Back-to-school time in Scappoose and St. Helens
For school students in Scappoose and St. Helens, it's a return to a familiar tradition: Set your alarm early, catch the school bus and return to in-class instruction.
Following the Labor Day holiday, school is back in session.
At St. Helens High School, Wednesday, Sept. 8, marked the official first day of school and despite opening day jitters — to be expected — all went smoothly.
Principal Katy Wagner was busy the first day, at times answering many questions posed by students in the commons area.
"We have about 100 staff members and about 840 students here in the building," Wagner said. "It is the most number of students and adults we have had in the building since March 2020. This is a pretty important day."
Students were glad to return to school, Wagner told the Spotlight. They'll be there five days per week for full school days, for the first time since before rising COVID-19 cases moved schooling in Oregon online all the way back in spring 2020.
"In my conversations, students were really happy to be here," Wagner said. "They also demonstrate incredible flexibility and grace and know that we have a lot of new systems online this year, and with that comes a big learning curve for everybody."
At Grant Watts Elementary School in Scappoose, brand-new principal Bianca Sapp was equally pleased to see students back in the classroom. School opened there Tuesday, Sept. 7.
"They were absolutely excited," Sapp said of her students. "The teachers were excited as well. It was a pretty smooth operation."
Sapp continued, "Everything is running smoothly, and the staff has come together to do an amazing job of getting the school ready and having the kids run through their first day successfully."
There have always been some nerves on opening day for students, parents and staff, even before COVID-19 changed the landscape.
"First day jitters — everybody's got them a little bit," Wagner said, adding, "I think after a couple of days, it will start to feel more routine and more normal, knowing what to expect."
Sapp was pleased that students can once again see their teachers.
"You could just taste the excitement," Sapp said. "It was a lot of smiles and a lot of happy moments. Children were seeing their favorite teachers again. It was a great day."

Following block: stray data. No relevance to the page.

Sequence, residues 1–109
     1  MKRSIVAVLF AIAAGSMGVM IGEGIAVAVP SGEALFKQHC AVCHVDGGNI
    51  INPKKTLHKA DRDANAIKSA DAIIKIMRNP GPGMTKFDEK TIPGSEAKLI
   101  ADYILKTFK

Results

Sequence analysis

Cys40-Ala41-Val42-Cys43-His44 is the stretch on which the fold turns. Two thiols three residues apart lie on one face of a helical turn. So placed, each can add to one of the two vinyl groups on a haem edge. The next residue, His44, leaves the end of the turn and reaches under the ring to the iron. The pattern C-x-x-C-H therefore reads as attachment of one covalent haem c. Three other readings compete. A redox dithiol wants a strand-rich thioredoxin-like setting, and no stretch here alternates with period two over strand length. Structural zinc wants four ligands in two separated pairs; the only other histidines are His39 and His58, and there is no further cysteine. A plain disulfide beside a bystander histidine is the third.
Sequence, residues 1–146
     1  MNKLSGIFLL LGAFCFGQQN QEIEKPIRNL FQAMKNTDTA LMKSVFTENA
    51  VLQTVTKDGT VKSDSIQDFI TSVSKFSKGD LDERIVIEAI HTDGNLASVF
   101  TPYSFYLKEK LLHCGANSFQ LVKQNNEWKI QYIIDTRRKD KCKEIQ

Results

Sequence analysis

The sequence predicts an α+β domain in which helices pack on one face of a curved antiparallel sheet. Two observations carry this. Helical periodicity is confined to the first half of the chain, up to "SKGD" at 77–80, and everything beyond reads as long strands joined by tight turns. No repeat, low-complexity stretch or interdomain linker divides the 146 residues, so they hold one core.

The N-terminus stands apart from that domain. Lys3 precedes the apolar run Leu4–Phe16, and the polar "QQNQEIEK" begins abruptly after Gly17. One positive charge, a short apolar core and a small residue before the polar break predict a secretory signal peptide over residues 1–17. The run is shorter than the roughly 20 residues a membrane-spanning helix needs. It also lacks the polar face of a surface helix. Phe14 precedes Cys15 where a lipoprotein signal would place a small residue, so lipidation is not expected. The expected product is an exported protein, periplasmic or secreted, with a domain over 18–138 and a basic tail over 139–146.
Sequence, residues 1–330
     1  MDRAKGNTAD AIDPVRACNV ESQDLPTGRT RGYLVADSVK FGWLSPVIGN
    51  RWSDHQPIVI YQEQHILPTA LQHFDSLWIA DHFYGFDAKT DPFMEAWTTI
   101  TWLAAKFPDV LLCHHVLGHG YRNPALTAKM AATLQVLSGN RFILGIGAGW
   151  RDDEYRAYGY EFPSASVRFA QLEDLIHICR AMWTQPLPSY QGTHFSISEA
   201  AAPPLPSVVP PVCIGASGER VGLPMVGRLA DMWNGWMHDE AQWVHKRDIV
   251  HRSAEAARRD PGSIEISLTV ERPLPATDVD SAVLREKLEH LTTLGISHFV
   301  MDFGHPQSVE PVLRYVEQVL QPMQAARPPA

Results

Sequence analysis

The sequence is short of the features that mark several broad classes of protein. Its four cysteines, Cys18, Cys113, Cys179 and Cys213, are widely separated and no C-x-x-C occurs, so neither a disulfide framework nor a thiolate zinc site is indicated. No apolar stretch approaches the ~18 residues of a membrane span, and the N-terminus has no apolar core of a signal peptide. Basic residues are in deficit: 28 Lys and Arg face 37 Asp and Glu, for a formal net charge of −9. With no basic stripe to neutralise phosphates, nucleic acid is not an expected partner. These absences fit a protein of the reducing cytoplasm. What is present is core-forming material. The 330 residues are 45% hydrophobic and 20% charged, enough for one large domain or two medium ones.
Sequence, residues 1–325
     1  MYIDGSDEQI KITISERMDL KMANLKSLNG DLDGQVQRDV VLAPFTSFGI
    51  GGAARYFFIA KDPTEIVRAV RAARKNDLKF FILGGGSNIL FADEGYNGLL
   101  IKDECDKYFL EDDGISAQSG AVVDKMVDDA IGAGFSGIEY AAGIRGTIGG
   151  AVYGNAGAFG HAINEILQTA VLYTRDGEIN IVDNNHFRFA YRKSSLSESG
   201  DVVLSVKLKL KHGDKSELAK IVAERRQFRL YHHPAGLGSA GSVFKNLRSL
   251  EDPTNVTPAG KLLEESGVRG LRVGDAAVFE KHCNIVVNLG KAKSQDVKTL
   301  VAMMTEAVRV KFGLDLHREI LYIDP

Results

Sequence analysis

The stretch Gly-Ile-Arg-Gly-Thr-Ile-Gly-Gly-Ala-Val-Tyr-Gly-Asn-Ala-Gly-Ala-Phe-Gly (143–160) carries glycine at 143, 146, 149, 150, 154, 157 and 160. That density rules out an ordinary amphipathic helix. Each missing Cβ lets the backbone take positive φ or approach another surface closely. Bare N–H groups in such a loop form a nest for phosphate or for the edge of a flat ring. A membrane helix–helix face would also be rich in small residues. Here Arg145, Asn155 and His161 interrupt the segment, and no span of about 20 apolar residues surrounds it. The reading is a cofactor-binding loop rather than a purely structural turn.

It didn't take long for students to become familiar with their Grant Watts surroundings, Sapp noted, whether they're new to the school or returning.
"Walking through the classes, you really wouldn't know that these students have been out of school for so long," Sapp said. "They have fallen right back into their routines and their practices. They're showing great behavior and enthusiasm for being back in school."
With a mask mandate imposed for schools throughout Oregon, Wagner said students at her school were in compliance.
"There are a couple of students who maybe just need a couple of reminders," Wagner said. "We experienced that in April when we reopened in person. We have masks available for those students who need them. A lot of times, it's just a quick reminder — it really has not been an issue the entire time."
At Grant Watts, Sapp said much the same.
"There has not been any compliance issues with masks," Sapp said. "All of our students, they wear the masks with no problem."
Sapp is confident looking ahead to the school year.
"Absolutely, we can only go up from here," she said, adding, "We're already an amazing school to begin with and I'm excited to see how much further we go."
At St. Helens High School, Wagner is equally optimistic looking forward — although she is clear-eyed about teachers having some work ahead of them after students spent most of the previous school year online.
"I am very optimistic," Wagner said. "COVID has certainly created a lot of complex challenges, and we're also seeing the impacts of what comprehensive distance learning was like last year."
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